It’s that time of year again: rate change. As night follows day, you can confidently predict that UPS and FedEx will increase their rates after the holiday rush. This year, new UPS rates will take effect on December 26, 2016 and FedEx rates will change on January 2, 2017. USPS rate changes will take effect on January 22, 2017. For eCommerce vendors, some of the changes, like dimensional weight rate changes, are expected to have a significant impact.

USPS and regional carriers such as LSO (who have higher dimensional weight factors) can expect to see more volume in the years to come if UPS and FedEx rate increases continue on the same trend.

“As the global carriers systematically increase the impact of volumetric pricing (DIM), shippers are going to need additional flexibility though a multi-carrier vs just a single carrier approach and the technology to optimize their package sizing when shipping to maintain their bottom lines. The combination of Pierbridge and regional carriers such as LSO can minimize the impacts of these sweeping changes on overall shipping costs,” said Rick Jones, CEO of LSO.

Summary of UPS Rate Changes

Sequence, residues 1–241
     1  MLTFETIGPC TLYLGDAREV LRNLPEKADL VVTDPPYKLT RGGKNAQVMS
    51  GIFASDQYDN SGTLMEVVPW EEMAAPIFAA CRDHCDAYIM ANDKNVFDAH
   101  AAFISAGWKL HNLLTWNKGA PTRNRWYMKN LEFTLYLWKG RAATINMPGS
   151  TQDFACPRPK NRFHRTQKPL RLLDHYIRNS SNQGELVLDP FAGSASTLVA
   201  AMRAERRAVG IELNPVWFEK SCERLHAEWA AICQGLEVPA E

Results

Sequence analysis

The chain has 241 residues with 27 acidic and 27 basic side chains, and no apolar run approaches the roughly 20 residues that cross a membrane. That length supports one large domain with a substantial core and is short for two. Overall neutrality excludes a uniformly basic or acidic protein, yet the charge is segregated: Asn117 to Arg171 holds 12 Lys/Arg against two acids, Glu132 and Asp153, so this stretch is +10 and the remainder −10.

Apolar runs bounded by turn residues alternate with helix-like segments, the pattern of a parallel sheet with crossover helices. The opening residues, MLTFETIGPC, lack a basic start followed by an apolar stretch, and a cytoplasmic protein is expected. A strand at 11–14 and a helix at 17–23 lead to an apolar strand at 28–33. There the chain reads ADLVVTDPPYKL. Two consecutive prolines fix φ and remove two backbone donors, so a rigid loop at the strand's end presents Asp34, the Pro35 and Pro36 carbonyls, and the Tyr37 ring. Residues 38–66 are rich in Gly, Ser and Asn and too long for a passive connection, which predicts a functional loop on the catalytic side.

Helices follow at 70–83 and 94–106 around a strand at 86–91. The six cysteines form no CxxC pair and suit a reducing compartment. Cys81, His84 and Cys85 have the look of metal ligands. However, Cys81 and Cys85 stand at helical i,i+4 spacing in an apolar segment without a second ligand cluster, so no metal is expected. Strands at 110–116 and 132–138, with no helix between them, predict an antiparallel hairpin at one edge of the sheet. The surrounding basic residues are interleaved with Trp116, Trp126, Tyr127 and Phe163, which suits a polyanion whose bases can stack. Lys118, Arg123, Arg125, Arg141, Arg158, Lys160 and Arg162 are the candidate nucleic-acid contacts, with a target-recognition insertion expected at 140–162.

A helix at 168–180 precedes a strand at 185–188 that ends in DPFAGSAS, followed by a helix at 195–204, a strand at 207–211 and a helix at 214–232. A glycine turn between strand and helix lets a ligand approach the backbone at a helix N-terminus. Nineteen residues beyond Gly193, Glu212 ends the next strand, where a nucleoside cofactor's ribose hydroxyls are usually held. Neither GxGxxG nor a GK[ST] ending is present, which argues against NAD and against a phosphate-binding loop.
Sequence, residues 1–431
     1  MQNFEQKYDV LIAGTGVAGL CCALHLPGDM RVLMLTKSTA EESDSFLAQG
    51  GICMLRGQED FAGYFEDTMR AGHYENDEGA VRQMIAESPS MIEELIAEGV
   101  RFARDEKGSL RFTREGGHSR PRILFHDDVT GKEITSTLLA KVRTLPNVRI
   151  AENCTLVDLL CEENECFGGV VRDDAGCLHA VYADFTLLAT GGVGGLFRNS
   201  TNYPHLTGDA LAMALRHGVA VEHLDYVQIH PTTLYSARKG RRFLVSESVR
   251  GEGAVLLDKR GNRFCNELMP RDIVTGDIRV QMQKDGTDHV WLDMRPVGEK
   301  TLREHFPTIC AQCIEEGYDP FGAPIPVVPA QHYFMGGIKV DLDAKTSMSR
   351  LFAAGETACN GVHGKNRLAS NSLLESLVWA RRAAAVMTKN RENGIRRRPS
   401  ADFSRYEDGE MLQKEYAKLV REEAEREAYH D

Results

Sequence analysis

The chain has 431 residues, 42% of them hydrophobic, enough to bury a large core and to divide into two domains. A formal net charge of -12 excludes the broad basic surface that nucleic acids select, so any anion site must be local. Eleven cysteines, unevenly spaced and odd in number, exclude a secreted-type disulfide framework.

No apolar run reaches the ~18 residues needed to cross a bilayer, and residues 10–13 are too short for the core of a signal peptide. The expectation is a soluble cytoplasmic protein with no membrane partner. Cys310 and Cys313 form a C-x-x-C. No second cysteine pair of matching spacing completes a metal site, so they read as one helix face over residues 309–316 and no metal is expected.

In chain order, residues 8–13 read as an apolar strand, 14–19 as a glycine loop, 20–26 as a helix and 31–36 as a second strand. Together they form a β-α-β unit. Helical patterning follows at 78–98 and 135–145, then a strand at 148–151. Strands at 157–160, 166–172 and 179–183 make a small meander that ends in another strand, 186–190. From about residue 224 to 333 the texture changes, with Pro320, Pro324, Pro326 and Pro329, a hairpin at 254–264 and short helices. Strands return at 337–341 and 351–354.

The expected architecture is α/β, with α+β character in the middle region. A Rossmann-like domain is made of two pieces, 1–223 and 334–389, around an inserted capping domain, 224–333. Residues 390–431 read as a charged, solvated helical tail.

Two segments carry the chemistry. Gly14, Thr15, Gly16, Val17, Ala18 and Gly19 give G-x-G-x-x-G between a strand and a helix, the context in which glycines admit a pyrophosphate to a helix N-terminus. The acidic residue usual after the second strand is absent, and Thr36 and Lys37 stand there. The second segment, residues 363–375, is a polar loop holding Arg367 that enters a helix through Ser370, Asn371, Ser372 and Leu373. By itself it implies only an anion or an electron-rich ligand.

UPS announced its intention to raise its rates to help offset capital investments it has made in support of the fast-growing eCommerce market. The changes are as follows:

> The following services will increase by an average 4.9%

- Domestic Ground

- Domestic Air and International

- Air Freight rates within and between the U.S., Canada, and Puerto Rico

- UPS Freight (9/19/16)

> Handling fees for oversize Air and International packages will increase from $10.50 to $10.85. UPS has reduced the oversize limit to 48 inches on the longest side, which had previously been 60 inches. This fee will also apply to UPS SurePost shipments.

> Effective January 8, 2017, UPS will change the dimensional weight calculation for packages with measurements greater than 1,728 cubic inches and shipped via Domestic and UPS Standard from Canada import services. The dimensional weight factor will be reduced from 166 to 139 to determine the dimensional weight. Domestic services packages measuring less than or equal to 1,728 cubic inches will continue to use the current dimensional weight factor of 166 divisor to calculate dimensional weight. UPS Standard from Canada import shipments will use a 139 divisor to calculate dimensional weight.